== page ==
Wednesday, August 27, 2008

Changing from Horse to Stallion

Most horse people are aware that a stallion is slightly different from a gelding or a mare. I am not talking physical attributes here. I am talking about "mental" and "instinct". All animals want to procreate, it is their purpose and a stallion is no different. Mares come in heat and they too want to procreate and a stallion wants to be the one to do the procreating! Well, throw that stallion into a domestic horse situation and things can go from good to bad very quickly. The urge or "instinct" of a stallion is very strong and people have got to have the upper hand or stallions can wreak havoc in a matter of seconds.

A horse that is ridden, handled and shown is the common goal. To be a stallion that is ridden, handled and shown is much more involved. Manners are everything, public perception is everything. Safety is key. How many of you have ever been to a horse function where Stallions were not allowed? The major problem is their behavior in "public".

Casper was going to need proper breeding training and pass with flying colors, before he could take the first step towards being considered stallion material. How do you do that? He was already easy going, laid back and nice to be around. Breeding training and the possibility of making a foal no one is ready for is a conundrum. Fortunately, I had some good help, guidance and several frustrated mares. First off, we decided "in hand" breeding was really the only way to go. Pasture breeding was out. AI would come down the road. So Training my Horse to be a Stallion when he was asked to be a Stallion was the goal.

With lots of consultation, we chose "whip" training. No, that does not mean we whip the crap out of him, it means the whip tells him what he can and can not do. Rearing up because you are an anxious stallion is a big no no, you will get the whip across those front legs for that type of display. Having the whip in hand, leading from his right side (normally horses are led from their left side) and going in a specific direction (to the breeding chute) tells the Horse that it is time to become a Stallion, still expected to behave, but time to breed. Stopping in a specific spot every time and using the same specific words over and over and over until they "get it", even with a ready and willing mare standing 50 feet in front of him, he could be taken back to the barn if his behavior was inappropriate. Consistency was the key. "you want to breed, you behave on cue". Whip up, means stop everything, whip down, means proceed. Enough of this repeatedly and I ended up with a stallion who looks to me to assure him he can go ahead. My job as his owner and handler is to ensure the safety of him, the mare and the people involved. If the mare says no, we go back to the barn. If the mare says maybe, we might work on her a bit and still end up going back to the barn. If the mare says yes, then all goes well and all parties are happy!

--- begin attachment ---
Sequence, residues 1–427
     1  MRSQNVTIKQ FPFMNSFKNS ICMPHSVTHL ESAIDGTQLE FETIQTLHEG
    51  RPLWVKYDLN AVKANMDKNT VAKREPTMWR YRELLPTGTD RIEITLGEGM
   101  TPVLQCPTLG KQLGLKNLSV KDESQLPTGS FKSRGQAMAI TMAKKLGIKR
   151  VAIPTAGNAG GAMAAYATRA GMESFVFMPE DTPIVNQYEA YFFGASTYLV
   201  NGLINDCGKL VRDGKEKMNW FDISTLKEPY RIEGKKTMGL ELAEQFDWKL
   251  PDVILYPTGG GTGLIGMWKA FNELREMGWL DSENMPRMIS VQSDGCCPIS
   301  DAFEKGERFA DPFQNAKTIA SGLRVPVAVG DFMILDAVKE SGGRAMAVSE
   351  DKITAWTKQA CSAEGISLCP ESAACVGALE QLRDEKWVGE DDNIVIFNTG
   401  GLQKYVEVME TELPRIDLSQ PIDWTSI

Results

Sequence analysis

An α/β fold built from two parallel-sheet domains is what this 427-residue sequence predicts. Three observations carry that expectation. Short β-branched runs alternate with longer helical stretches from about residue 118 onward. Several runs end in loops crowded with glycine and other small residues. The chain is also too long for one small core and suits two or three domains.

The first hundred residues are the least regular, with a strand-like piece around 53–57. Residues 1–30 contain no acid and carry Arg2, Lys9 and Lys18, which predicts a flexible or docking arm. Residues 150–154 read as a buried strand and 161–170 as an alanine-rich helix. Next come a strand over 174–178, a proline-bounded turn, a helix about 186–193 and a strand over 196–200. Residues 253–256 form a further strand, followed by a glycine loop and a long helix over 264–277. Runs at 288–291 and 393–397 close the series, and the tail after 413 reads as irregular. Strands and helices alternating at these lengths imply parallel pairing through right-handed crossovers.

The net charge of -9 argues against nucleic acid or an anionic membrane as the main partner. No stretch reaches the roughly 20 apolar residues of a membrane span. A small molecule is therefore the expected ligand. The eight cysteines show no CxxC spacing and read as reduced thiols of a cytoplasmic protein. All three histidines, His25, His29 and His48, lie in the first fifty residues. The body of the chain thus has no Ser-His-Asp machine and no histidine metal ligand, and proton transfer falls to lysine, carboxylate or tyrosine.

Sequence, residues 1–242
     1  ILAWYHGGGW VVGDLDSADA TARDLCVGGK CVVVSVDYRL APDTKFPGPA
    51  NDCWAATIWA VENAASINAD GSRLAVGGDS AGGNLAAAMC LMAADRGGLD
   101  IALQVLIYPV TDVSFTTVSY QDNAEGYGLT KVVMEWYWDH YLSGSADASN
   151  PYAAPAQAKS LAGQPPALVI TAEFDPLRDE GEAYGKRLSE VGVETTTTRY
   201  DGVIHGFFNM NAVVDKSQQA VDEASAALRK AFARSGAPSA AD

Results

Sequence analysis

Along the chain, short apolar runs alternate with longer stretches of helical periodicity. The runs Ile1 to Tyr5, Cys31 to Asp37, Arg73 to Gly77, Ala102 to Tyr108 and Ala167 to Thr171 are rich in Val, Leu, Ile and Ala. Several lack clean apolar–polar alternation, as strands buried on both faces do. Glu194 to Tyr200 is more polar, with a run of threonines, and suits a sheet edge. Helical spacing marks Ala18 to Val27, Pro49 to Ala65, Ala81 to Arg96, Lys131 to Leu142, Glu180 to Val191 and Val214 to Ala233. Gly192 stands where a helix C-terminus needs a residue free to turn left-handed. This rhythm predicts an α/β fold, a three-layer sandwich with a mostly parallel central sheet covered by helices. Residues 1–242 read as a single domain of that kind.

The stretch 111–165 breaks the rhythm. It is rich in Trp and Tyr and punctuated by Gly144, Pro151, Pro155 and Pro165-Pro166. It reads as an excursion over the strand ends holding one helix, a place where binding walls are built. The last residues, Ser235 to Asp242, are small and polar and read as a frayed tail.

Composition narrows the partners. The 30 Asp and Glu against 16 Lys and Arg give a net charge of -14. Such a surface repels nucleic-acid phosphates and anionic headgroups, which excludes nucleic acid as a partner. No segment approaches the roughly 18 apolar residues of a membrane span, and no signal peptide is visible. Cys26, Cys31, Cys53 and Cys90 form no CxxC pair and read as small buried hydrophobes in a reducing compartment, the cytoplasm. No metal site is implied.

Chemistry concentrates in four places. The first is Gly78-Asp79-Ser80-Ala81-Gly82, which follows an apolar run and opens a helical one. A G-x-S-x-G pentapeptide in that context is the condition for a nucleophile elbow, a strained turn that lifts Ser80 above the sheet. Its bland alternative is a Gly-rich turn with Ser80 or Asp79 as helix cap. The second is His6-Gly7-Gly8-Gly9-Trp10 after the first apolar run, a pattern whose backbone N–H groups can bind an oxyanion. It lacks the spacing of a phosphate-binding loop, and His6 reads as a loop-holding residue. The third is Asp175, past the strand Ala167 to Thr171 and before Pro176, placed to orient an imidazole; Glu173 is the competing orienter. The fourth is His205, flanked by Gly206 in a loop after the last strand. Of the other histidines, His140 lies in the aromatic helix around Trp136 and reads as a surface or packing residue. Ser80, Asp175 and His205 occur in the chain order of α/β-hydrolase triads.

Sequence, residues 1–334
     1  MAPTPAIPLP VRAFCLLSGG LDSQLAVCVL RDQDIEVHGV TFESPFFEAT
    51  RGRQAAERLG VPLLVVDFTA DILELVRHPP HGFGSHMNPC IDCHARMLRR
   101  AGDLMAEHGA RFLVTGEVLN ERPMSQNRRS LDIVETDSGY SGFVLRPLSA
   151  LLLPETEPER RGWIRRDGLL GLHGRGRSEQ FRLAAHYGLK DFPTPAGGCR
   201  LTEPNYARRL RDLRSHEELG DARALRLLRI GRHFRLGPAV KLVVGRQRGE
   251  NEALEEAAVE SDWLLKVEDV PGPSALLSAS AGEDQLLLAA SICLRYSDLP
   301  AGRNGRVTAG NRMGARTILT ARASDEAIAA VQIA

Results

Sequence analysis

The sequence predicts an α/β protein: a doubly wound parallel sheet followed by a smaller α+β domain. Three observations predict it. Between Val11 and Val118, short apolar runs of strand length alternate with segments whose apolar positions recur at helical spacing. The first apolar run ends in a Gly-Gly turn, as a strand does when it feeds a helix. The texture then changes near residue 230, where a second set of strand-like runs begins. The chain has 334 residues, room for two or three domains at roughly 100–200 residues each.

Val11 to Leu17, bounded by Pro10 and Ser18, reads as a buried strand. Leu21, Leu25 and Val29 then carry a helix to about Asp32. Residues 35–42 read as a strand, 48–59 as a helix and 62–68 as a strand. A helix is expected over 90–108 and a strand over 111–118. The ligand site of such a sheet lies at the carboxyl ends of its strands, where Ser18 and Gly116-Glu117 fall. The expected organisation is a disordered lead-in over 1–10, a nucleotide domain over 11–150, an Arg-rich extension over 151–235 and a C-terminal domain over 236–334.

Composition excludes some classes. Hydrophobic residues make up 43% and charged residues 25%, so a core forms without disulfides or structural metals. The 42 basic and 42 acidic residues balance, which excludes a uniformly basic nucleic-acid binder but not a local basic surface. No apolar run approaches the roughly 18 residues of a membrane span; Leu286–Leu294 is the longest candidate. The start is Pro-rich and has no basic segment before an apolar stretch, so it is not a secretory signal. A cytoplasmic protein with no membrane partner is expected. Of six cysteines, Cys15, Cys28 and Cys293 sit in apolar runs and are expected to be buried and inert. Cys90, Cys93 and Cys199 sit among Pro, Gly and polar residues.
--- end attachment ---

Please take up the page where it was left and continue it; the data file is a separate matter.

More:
Good in hand breeding is essential to our operation and having a behaved and confident stallion, who knows what is expected of him is a must! Happy mare owners is a result and a bonus!

Now in public, you may or may not see a stallion act up. Some stallions are normally very vocal, meaning they MUST tell everyone they are a stallion and that they are HERE! This can be annoying and can also be OK, but if it goes any further than just announcing themselves then serious problems could incur. Casper is an extremely vocal horse. He talks to us, his people, he talks to the calves, he talks to the geldings, he always talks to the mares and is very nickery when breeding. In public, he is one of those that HAS to announce himself. It is who he is and it never goes any further than that. He is well aware that the ONLY place to breed is back home at his breeding chute in the woods. In fact, during breeding season in 2007, any trailer coming down the driveway past his paddock just had to be carrying in a mare for him, he was sure of it! On occasion, yes, there was a mare coming for him. But most times, it was just cattle moving. You can actually see the disappointment in his face when no one came to get him from his paddock. I know because I peeked around the corner of the barn on purpose to see what he was doing and he is very good a sulking.

So becoming a useful riding horse is paramount, becoming a trained breeding stallion is a plus. Producing promising progeny is the next step to becoming a Stallion!

next blog............Finding the Perfect Match

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